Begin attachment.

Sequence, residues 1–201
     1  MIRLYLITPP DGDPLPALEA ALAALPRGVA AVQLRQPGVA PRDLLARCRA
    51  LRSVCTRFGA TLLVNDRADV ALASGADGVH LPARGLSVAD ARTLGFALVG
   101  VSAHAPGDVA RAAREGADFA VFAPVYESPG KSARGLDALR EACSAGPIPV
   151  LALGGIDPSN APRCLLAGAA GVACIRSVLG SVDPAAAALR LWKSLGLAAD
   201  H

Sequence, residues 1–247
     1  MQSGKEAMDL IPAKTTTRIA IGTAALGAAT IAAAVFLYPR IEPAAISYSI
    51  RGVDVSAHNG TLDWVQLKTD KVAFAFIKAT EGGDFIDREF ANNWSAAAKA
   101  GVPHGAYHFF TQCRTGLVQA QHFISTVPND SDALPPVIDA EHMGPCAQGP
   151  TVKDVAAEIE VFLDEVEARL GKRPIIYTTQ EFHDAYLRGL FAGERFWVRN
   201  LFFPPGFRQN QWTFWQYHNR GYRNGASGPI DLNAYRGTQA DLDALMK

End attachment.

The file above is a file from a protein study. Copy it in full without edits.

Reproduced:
Sequence, residues 1–201
     1  MIRLYLITPP DGDPLPALEA ALAALPRGVA AVQLRQPGVA PRDLLARCRA
    51  LRSVCTRFGA TLLVNDRADV ALASGADGVH LPARGLSVAD ARTLGFALVG
   101  VSAHAPGDVA RAAREGADFA VFAPVYESPG KSARGLDALR EACSAGPIPV
   151  LALGGIDPSN APRCLLAGAA GVACIRSVLG SVDPAAAALR LWKSLGLAAD
   201  H

Sequence, residues 1–247
     1  MQSGKEAMDL IPAKTTTRIA IGTAALGAAT IAAAVFLYPR IEPAAISYSI
    51  RGVDVSAHNG TLDWVQLKTD KVAFAFIKAT EGGDFIDREF ANNWSAAAKA
   101  GVPHGAYHFF TQCRTGLVQA QHFISTVPND SDALPPVIDA EHMGPCAQGP
   151  TVKDVAAEIE VFLDEVEARL GKRPIIYTTQ EFHDAYLRGL FAGERFWVRN
   201  LFFPPGFRQN QWTFWQYHNR GYRNGASGPI DLNAYRGTQA DLDALMK